By Tracey Arial
Former political members of Union Montreal have quit the party and moved on, but lawyers are still fighting to represent them.
They want the party’s remaining funds, which could be as high as $465,000, reserved for defending former members at the Charbonneau Commission.
“I don’t know how much money we have, and I don’t want to know,” said former leader Richard Deschamps. “In May, when we closed up the party, I said very openly that we don’t want the money beyond that needed to pay outstanding bills. It should go to the Chief Electoral Officer or the City of Montreal.”
Since Deschamps left his former party, much has happened.
After quitting as leader of Union Montreal, Deschamps represented citizens in the district of Sault St. Louis on city council as an independent. He then joined the Équipe Barbe Team–Pro action LaSalle party for the recent municipal election. He won his seat and continues to serve.
Meanwhile, former colleagues and Quebec’s Electoral Officer attempted to implement their interpretation of his final actions as leader of Union Montreal.
Jacques Drouin, Quebec’s Chief Electoral Officer, outlined his version of events in a Nov. 15 press release:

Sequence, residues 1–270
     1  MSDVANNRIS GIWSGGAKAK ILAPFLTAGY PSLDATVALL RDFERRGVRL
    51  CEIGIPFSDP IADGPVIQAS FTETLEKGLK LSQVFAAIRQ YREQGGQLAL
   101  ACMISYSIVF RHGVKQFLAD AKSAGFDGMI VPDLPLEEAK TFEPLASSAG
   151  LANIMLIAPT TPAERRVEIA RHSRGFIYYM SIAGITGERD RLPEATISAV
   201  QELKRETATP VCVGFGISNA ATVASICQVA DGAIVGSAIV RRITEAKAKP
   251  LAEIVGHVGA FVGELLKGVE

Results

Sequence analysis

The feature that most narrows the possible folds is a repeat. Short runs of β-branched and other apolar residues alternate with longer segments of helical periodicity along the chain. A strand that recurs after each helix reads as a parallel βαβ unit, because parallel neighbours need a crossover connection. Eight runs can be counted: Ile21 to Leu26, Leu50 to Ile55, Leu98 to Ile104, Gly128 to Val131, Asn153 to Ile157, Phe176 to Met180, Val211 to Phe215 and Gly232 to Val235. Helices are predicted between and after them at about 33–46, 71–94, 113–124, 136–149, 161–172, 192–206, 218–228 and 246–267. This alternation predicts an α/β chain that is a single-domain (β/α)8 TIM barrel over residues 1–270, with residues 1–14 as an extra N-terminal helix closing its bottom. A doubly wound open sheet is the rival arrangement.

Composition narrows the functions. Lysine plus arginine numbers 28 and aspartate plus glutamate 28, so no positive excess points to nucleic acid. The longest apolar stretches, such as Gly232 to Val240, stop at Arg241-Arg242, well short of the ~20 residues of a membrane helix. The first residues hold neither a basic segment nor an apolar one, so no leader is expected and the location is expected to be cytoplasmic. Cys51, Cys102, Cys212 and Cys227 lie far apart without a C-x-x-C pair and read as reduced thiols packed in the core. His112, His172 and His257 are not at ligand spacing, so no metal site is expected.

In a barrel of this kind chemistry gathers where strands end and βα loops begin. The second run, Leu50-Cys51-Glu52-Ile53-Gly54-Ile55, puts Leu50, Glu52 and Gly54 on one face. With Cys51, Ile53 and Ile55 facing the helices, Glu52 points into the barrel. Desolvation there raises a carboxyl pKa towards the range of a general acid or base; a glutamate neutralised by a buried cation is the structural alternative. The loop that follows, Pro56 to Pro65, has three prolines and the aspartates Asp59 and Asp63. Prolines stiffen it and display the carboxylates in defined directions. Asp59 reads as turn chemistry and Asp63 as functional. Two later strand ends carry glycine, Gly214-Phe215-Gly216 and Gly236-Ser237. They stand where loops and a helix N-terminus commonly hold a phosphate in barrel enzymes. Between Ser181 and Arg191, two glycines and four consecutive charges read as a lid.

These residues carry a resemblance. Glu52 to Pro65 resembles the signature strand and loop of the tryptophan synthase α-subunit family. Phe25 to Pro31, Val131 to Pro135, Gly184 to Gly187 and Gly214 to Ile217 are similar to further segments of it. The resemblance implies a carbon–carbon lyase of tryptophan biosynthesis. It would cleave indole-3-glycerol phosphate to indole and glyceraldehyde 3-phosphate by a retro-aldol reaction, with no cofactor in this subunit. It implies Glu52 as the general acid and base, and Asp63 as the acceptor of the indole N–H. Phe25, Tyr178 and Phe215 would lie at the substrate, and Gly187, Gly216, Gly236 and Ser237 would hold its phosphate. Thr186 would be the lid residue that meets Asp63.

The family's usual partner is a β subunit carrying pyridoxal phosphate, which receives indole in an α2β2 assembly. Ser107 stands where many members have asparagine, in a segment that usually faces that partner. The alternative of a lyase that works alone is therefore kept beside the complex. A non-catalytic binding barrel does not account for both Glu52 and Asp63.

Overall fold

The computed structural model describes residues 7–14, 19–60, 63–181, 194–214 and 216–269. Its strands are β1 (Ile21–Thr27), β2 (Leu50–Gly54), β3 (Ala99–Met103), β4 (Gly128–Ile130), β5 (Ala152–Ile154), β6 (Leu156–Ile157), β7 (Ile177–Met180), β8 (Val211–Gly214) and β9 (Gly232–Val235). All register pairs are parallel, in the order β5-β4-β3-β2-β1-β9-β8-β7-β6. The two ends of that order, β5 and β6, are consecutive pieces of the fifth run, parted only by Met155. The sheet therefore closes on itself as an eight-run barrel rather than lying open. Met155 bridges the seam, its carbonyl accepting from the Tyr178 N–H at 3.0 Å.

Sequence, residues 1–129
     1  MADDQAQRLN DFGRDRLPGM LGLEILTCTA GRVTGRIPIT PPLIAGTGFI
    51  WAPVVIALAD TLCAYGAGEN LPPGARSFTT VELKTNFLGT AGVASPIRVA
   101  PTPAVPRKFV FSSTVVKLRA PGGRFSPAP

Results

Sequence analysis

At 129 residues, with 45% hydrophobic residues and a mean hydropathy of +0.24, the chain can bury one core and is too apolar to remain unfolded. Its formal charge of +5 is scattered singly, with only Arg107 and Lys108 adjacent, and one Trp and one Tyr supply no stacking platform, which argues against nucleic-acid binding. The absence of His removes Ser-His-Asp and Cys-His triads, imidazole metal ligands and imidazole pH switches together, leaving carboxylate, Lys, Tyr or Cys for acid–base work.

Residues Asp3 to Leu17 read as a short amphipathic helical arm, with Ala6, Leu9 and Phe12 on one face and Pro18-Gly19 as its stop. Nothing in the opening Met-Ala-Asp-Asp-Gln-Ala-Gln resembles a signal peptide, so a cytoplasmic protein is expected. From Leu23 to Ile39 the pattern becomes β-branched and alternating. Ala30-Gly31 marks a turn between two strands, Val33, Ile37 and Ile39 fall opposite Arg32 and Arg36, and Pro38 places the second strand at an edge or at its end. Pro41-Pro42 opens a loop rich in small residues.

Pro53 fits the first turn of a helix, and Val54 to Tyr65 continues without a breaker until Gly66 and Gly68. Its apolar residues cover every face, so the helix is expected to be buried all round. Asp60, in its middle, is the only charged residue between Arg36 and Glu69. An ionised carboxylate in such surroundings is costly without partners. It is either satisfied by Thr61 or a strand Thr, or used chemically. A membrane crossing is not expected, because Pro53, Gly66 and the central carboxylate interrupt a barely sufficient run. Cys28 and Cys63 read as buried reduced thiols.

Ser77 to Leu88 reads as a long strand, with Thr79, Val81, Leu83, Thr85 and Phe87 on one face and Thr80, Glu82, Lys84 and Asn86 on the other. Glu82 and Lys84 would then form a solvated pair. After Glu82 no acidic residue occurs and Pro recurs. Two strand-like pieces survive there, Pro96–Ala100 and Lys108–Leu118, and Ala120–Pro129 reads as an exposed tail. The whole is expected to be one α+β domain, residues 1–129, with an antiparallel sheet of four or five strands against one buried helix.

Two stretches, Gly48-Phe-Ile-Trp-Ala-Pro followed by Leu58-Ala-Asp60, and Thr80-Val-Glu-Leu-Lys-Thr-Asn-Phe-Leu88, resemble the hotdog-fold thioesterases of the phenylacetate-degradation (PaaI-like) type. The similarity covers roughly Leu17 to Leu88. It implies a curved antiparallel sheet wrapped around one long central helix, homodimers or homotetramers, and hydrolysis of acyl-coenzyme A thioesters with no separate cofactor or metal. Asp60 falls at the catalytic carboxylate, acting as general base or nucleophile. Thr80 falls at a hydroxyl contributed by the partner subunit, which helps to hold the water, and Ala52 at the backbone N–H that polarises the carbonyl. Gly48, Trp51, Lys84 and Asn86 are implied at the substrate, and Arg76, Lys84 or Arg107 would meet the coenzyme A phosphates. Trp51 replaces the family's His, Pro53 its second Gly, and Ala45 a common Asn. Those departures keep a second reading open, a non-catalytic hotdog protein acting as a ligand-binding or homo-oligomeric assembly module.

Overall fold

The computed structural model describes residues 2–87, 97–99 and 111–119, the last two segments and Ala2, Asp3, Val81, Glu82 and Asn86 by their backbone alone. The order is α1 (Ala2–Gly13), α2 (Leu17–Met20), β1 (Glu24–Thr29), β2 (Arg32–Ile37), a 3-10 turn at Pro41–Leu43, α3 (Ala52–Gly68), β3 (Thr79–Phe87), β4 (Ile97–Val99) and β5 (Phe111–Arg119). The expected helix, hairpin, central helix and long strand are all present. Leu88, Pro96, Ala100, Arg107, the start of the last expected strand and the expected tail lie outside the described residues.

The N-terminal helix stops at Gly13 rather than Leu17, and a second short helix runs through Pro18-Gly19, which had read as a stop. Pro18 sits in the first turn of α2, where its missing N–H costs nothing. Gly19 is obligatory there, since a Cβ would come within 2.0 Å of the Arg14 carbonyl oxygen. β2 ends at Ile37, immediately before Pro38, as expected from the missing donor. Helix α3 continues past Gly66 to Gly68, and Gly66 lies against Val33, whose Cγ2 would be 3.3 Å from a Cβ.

“On May 9, a little over five months after having been named the party’s interim leader, Richard Deschamps notified the Chief Electoral Officer that he was handing in his resignation. He also submitted a resolution requesting the withdrawal of Union Montréal’s authorization. The resolution, however, stipulated that the party should keep certain sums in trust to provide for the party’s legal representation before the Charbonneau commission.
In June, the Chief Electoral Officer notified the party that this request to keep some funds following the withdrawal of its authorization was legally inadmissible, the AERM being clear about the obligation to hand over all of the party’s sums and assets once authorization is withdrawn.”
When they found out that money could not be set aside indefinitely if the party dissolved, administrators of Union Montreal withdrew Deschamps’ request for dissolution and requested that the party continue operating.
Drouin asked them to fulfil a number of conditions to keep the party operating. He cites their refusal to satisfy these demands to his satisfaction when explaining why he withdrew official authorization of the party Nov. 12. His ruling specified that remaining party funds be turned over to him by Sunday.
Union Montreal lawyers responded by applying to Quebec Superior Court to block his decision.
Their disagreement will be heard by a judge on Dec. 9.
Deschamps says he cares little which way it goes. “After that press conference in May, I had no discussions with the party. It’s not up to me to regulate these things after I quit. It’s a matter between the party and the Chief Electoral Officer.”
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